A molten steel in an amount of 300 tons in a ladle, having been refined in a converter and treated in a circulation type vacuum degassing apparatus to have a carbon concentration of 0.003% by mass, was deoxidized with Ce to have a Ce concentration of 0.0002% by mass and a dissolved oxygen concentration of 0.0014% by mass. The molten steel was continuously cast into slab steel having a thickness of 250 mm and a width of 1,800 mm. The cast slab steel was cut to give slabs each having a length of 8,500 mm (each slab being one coil unit). Each slab thus obtained was conventionally hot rolled and cold rolled to finally give a cold rolled steel sheet in a coil having a thickness of 0.7 mm and a width of 1,800 mm. The cold rolled steel sheet was visually observed on the inspection line subsequent to cold rolling, and the slab quality was evaluated from the number of surface defects formed per coil. As a result, no surface defects were found.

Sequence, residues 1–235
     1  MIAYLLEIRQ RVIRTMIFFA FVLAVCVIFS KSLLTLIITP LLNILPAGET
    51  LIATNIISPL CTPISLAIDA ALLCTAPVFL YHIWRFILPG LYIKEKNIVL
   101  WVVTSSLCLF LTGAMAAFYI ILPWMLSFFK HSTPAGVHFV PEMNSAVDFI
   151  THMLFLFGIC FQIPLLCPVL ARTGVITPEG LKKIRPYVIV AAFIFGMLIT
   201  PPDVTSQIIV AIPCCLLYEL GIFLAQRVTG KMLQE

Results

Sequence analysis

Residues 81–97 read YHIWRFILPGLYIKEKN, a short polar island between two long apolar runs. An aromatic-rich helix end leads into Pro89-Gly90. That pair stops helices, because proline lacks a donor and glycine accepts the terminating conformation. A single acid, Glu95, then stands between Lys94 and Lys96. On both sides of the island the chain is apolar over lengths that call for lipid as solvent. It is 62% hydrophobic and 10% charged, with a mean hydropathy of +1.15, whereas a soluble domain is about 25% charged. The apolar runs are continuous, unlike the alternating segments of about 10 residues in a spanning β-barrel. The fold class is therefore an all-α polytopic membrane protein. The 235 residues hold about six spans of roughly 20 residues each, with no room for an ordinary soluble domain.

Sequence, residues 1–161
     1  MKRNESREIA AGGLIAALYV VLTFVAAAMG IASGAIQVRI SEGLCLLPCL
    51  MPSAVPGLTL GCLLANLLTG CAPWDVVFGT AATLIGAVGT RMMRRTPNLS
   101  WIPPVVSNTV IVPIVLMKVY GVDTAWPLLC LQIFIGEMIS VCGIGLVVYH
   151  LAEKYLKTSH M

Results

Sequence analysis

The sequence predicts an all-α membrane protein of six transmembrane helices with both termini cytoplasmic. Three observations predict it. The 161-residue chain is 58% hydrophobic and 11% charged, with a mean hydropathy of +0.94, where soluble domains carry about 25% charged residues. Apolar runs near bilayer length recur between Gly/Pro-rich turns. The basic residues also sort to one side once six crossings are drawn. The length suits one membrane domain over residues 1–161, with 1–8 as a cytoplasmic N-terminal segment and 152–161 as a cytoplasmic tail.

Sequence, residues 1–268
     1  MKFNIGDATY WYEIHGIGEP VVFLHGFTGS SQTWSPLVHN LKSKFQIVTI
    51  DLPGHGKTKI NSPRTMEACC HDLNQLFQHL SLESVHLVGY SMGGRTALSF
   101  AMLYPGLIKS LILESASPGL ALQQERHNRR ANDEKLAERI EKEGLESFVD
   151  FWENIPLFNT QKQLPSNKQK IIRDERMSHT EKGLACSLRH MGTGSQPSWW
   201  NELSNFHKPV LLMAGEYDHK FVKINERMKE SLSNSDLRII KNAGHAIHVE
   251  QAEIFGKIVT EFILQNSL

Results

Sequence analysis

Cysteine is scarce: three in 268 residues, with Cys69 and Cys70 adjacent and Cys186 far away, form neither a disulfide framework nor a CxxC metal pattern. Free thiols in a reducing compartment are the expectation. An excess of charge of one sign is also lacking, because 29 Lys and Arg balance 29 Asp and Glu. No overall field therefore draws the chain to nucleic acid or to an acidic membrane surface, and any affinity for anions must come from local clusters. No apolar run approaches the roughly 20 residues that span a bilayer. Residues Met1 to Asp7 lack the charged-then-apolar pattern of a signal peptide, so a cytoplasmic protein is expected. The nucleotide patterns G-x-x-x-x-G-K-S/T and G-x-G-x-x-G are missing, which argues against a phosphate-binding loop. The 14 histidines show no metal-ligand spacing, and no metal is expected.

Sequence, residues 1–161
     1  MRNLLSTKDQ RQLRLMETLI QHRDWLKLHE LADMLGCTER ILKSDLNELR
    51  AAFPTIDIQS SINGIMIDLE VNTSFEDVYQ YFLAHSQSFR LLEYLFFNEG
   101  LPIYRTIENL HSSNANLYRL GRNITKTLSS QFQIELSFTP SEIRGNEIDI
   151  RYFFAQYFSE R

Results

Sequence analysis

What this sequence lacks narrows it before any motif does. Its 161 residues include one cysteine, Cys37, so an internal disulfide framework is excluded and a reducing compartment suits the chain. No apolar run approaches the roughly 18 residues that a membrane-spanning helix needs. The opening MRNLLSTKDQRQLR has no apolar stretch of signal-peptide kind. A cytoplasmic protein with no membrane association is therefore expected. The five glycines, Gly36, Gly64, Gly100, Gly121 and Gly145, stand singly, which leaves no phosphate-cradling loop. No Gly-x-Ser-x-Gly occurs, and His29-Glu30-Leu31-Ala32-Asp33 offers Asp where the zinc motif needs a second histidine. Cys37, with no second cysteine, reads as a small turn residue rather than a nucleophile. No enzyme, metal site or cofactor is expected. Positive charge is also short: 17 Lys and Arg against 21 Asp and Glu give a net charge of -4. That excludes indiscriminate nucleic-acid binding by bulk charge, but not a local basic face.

Example 2

A molten steel in an amount of 300 tons in a ladle, having been refined in a converter and treated in a circulation type vacuum degassing apparatus to have a carbon concentration of 0.003% by mass, was deoxidized with Ti and Ce to have a Ti concentration of 0.008% by mass, a Ce concentration of 0.0001% by mass and a dissolved oxygen concentration of 0.0022% by mass. The molten steel was continuously cast into slab steel having a thickness of 250 mm and a width of 1,800 mm. The cast slab steel was cut to give slabs each having a length of 8,500 mm (each slab being one coil unit). Each slab thus obtained was conventionally hot rolled and cold rolled to finally give a cold rolled steel sheet in a coil having a thickness of 0.7 mm and a width of 1,800 mm. The cold rolled steel sheet was visually observed on the inspection line subsequent to cold rolling, and the slab quality was evaluated from the number of surface defects formed per coil. As a result, no surface defects were found.

Example 3